There shouldn't be this much wariness around a franchise; not one heading into their second consecutive playoff appearance after winning 51 games in a season marred by controversy. Nevertheless, Mark Jackson has made the round number 50 - ostensibly their hyped preseason goal - the arbitrary point as which to measure their success, to celebrate it without any doubt. He's made a point to mention this over and over again, before and after games. But with that slate wiped clean, it's just the Golden State Warriors led by the indomitable Stephen Curry and the rival Los Angeles Clippers standing right in front of them.
Both teams have wanted this all season. From Kent Bazemore's bench celebration last season, to the churchtroversy, Klay Thompson recently saying how Blake Griffin is soft, and perpetual ickiness on the court, the list literally goes on and on. BUT IS IT A RIVALRY? #hotsportsdebate has been the cute little theme running between the two teams because it apparently isn't interesting to talk about anything else.
But it's just that, it is highly refreshing for the Warriors to not only play in a rivalry game but a series against a team they so explicitly despise. There's not much to dislike, per sé, about these Clippers. Sure, they flop a lot but a lot of teams do too. And yes, their owner is a raging racist/scum of the earth but this is always more about the players themselves than the owners. This isn't the Bad Boys v. Boston Celtics or even Miami/Indiana of the present but the genuine and honest hatred between the two teams adds an aspect unseen around today's NBA.
There's not much analysis left we don't know. The Warriors are without their best big man, Andrew Bogut, and this puts a cramp into their best laid plans. They'll have to play small, perhaps running David Lee at the center position at times, forcing the Clippers to adjust if the Warriors can force turnovers and misses and run fast enough. Griffin and DeAndre Jordan were surely a mismatch with or without Bogut but now it's up to Jackson to improvise on the fly. He has shown an ability to do so, bucking conventional wisdom by starting Harrison Barnes in last year's postseason. Unfortunately, this is also the last time he's adjusted to an offensive scheme considered analytically progressive.
Draymond Green will man the forward position, opening up the offense on the other side, allowing the Warriors space shooters and post another excellent passer. This is ideal on offense but there's not much the Warriors or Jackson can do when Chris Paul can control the tempo so well, allowing his bigs to dominate the offensive glass and highlight reel everywhere else.
And we haven't even gotten to the coach yet. This might be his last several games with the team. A coach that's praised for his ability to get the most out of his players, this series is the perfect clash of sensitive moments. Management likely doesn't consider the Bogut excuse a viable one, not with the way the team has played, with the way the rotations have been run, and the things said between the lines. But Jackson effusively loves his guys, and it's fair enough to assume that the players are going to play that much harder, even if that sounds dumb considering the circumstances.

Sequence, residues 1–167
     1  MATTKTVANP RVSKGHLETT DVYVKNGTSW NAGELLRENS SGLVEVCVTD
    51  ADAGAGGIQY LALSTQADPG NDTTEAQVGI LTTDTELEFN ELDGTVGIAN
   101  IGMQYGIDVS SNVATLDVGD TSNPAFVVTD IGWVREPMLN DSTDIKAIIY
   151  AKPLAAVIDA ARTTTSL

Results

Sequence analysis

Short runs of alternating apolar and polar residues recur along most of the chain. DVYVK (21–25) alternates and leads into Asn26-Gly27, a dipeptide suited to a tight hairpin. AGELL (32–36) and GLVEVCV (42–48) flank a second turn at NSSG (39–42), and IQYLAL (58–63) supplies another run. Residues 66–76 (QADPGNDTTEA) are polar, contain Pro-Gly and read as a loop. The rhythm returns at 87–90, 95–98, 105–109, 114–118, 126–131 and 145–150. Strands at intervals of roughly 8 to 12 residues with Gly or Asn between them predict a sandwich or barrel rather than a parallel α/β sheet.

The known commodities range from Klay Thompson, J.J. Redick, DeAndre Jordan, and David Lee. Players like Jamal Crawford, Draymond Green, and the combined effectiveness of each other's bench present a tipping point in what appears to be close matchups at every position. X-factors and veteran leadership are fun ways to vaguely determine the role of each player. Blake Griffin is a superstar! Chris Paul is the leader and general! And for the Warriors, it will always come down to their best player.
Barnes and Bogut were simultaneously, and surprisingly, excellent playing smallball against the Denver Nuggets. Then they both exceeded raised expectations against the nightmare squad known as the San Antonio Spurs. Klay Thompson and Draymond Green provided enough on each side of the ball to warrant solid play. But above and between them all, Curry functioned as the engine that was revved all the way up until an ankle sprain broke it all back down.
To do it again, Curry needs the decibel-breaking third quarters, transition pull-up treys, insane whip passes with the left hand through a double-team from the corner, and newfound floppy tendency in the lane. And then the Warriors need more. The Clippers have Paul manning the offense, not Ty Lawson. And Griffin and Jordan on the boards, not Andre Iguodala and Kenneth Faried. Hell, Redick, Barnes and Dudley present sizable upgrades over Wilson Chandler and Andre Miller. Regardless of supporting casts, Curry is relied upon, perhaps unfairly, to mask over every single flaw that's plagued the Warriors this season. Jackson has papered over the bench woes, shaky rotations, and lack of energy with a relentless amount of Curry awesomeness.
And in the rivalry that each team has begged for since the middle of last season, it's up to the player that's carried the team this far, provided so many spectacular photo finishes, to simply do it again.
Prediction: Clippers in 6